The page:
Adventures of a Wild Horse Bounty Hunter, From the Archives

This story, “Wild Horses Were His Game,” first ran in the September 1949 issue.

DICK CHURCH was a killer with no rival in all the wild Chilcotin. No other had so many notches on his gun. But his victims were wild horses and his killing was done in the employ of the Province of British Columbia. His fee was $75 a month plus one dollar for each set of ears—and the necessary ammunition. 

Up to 1924 great bands of wild horses roamed the rugged mountains and lush valleys of the Chilcotin, a somewhat indefinite area located in west-central British Columbia and drained by the Chilcotin River and its tributaries, which have their origin in the wild and forbidding fastnesses of the Coast Range and pour their waters into the lordly Fraser some forty miles below the town of Williams Lake. While an occasional band strayed beyond these boundaries, almost the entire wild-horse population of the province was confined to this particular area. 

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This peculiar circumstance and the origin of these horses remain a mystery to this day. The rugged, snow-covered crest of the Coast Range might constitute a barrier on the west, and the swift Fraser in its deep gorge could well stop them on the east. But neither on the north nor on the south was there anything to hinder their movement. Yet the horses stuck to their chosen land.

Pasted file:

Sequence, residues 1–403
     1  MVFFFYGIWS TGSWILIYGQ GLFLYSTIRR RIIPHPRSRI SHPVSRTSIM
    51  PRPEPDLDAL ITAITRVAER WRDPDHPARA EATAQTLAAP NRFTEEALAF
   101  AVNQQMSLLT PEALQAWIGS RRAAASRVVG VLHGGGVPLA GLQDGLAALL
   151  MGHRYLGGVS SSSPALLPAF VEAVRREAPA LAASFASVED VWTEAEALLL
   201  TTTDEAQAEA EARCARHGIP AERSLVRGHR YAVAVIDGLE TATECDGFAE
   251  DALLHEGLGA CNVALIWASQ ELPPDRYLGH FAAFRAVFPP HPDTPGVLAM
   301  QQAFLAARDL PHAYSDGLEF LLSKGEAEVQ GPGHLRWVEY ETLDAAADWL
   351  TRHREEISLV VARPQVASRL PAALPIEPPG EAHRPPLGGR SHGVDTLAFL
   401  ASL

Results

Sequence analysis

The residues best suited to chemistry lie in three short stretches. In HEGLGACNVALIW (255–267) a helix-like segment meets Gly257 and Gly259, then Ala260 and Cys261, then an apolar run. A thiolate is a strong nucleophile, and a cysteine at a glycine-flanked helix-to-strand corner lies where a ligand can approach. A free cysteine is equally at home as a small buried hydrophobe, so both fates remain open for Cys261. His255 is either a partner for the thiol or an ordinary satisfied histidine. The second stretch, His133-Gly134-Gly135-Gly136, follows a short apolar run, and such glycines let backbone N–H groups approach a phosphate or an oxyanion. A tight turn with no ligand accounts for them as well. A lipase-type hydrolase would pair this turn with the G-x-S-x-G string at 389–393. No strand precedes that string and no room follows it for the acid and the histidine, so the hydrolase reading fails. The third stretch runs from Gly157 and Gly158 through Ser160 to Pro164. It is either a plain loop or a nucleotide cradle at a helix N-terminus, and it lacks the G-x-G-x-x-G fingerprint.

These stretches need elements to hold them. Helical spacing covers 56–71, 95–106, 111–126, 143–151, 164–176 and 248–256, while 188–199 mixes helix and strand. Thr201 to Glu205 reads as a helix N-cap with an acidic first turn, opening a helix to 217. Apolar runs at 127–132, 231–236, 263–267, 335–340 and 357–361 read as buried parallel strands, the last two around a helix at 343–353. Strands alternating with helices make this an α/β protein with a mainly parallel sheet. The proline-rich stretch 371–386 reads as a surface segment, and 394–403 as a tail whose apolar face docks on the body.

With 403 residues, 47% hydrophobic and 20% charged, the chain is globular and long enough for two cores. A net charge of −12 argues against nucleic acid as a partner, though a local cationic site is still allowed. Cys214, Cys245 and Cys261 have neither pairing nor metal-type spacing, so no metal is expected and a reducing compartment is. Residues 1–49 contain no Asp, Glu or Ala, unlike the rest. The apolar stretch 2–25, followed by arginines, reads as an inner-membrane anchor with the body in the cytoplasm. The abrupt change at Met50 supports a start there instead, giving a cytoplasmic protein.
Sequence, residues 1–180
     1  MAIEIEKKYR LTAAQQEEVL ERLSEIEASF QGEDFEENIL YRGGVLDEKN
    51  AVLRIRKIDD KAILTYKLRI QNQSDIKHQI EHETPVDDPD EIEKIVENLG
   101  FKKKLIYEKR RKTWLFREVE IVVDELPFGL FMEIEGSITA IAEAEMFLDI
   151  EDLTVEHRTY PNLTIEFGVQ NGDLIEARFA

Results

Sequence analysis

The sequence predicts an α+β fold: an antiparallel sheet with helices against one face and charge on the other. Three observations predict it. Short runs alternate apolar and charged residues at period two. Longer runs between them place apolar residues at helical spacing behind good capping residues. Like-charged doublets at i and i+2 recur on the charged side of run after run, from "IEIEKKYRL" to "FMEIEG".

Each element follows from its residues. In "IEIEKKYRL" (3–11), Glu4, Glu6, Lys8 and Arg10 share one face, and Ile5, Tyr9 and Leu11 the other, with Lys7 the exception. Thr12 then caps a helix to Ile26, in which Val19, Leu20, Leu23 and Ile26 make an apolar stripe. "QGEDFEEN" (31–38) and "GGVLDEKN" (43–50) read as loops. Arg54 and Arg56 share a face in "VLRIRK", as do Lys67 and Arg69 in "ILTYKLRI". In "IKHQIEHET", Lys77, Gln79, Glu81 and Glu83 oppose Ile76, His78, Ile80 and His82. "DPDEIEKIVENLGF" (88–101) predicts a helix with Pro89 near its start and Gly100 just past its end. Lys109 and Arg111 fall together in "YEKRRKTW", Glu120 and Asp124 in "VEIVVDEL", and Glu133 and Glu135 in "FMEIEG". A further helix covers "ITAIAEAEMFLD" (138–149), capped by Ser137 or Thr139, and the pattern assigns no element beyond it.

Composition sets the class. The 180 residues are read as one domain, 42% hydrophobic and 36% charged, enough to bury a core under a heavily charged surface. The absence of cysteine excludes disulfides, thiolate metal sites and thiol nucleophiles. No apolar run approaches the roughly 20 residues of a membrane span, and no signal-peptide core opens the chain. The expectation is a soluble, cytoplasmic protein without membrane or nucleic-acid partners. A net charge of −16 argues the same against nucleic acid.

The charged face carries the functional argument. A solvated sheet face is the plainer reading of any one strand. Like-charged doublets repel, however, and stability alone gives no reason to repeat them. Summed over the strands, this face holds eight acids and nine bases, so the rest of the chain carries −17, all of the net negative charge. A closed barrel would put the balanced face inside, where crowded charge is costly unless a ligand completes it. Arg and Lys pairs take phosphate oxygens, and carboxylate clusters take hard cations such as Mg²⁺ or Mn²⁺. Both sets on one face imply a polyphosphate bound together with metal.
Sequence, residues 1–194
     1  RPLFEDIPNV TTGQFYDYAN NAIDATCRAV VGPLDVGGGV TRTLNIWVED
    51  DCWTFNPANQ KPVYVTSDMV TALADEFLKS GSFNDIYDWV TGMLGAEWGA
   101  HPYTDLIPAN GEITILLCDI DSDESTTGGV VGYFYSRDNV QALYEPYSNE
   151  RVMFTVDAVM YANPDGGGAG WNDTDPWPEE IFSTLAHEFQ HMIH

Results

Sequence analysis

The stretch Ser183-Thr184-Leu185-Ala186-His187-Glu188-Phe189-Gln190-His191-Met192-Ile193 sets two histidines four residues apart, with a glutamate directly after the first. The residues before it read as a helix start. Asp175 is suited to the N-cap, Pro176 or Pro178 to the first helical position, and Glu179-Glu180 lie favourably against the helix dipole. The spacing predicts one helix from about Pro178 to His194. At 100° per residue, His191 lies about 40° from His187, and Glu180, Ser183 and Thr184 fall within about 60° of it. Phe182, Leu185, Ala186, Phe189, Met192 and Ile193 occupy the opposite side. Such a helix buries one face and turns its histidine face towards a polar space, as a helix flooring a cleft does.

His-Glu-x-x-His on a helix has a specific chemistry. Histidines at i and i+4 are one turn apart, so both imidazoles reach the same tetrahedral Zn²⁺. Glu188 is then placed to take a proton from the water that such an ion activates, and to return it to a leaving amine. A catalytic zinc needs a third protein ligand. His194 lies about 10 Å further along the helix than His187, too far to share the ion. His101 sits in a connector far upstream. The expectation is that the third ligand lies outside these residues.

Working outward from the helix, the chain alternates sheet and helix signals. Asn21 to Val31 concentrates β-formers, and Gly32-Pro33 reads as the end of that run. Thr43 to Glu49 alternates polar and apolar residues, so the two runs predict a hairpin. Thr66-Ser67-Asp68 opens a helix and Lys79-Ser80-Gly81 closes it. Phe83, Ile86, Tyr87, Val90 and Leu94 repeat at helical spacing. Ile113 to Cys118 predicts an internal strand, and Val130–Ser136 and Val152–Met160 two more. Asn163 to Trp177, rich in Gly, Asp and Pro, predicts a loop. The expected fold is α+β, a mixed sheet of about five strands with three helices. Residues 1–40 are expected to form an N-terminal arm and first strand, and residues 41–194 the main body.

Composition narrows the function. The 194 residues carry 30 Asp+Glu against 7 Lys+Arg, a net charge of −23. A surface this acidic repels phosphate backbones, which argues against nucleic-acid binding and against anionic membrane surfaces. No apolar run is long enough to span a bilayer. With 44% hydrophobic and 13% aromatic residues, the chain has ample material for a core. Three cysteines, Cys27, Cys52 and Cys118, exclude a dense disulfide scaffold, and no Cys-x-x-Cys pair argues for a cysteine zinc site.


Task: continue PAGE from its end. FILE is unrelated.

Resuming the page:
How did they get there? Old-timers say they were there when the white settlers first crossed the Fraser and drove their herds into the lush pastures of the Chilcotin Valley. Those familiar with the history of the country offer two possible solutions to the mystery. The first—and most widely held—is that strays from the early Hudson’s Bay Company’s posts in the area reverted to the wild state. The second holds that Nemiah, the famous outlaw of the late decades of the nineteenth century, kept a large band of horses at his hide-out in remote Nemiah Valley, northwest of Whitewater Lake. After his capture in the early 1890s, his horses went wild. Both theories have serious flaws. But, whatever may be the correct explanation of the presence of the wild horses, they were undeniably there, in great number. 

The Chilcotin is a cattle country, containing some of the finest range in western Canada. For years the cattlemen had complained of the depletion of the range by the bands of wild horses. They also claimed that the roving bands enticed many of the ranch horses, which in turn went wild. 

The pressure became so great that in 1924 the province ordered a campaign of extermination, which lasted for two years and resulted in the killing of something over 1,200 head by official count—to say nothing of the far larger number accounted for by the residents and especially the cattlemen. The killing was in full swing long before the government took action and has continued right down to the present. There are still a few bands of wild horses in the Chilcotin, but these are being ruthlessly exterminated by the cattlemen. Some estimates place the total kill at 8,000 to 10,000 head. 

Wild horses running like the wind, manes and tails flying, the thunder of hoofs on the valley floor, the wild neighing of stragglers, the shrill whinnies of the colts bringing up the rear—it is hard to imagine a more dramatic scene.

During the two-year provincial campaign Dick Church accounted for a total of 613 horses, or about half of the total official kill. His hunting was confined to the winter months when farm work was slack. On his best day he collected thirteen sets of ears, and in his best month—March, 1925—152 sets.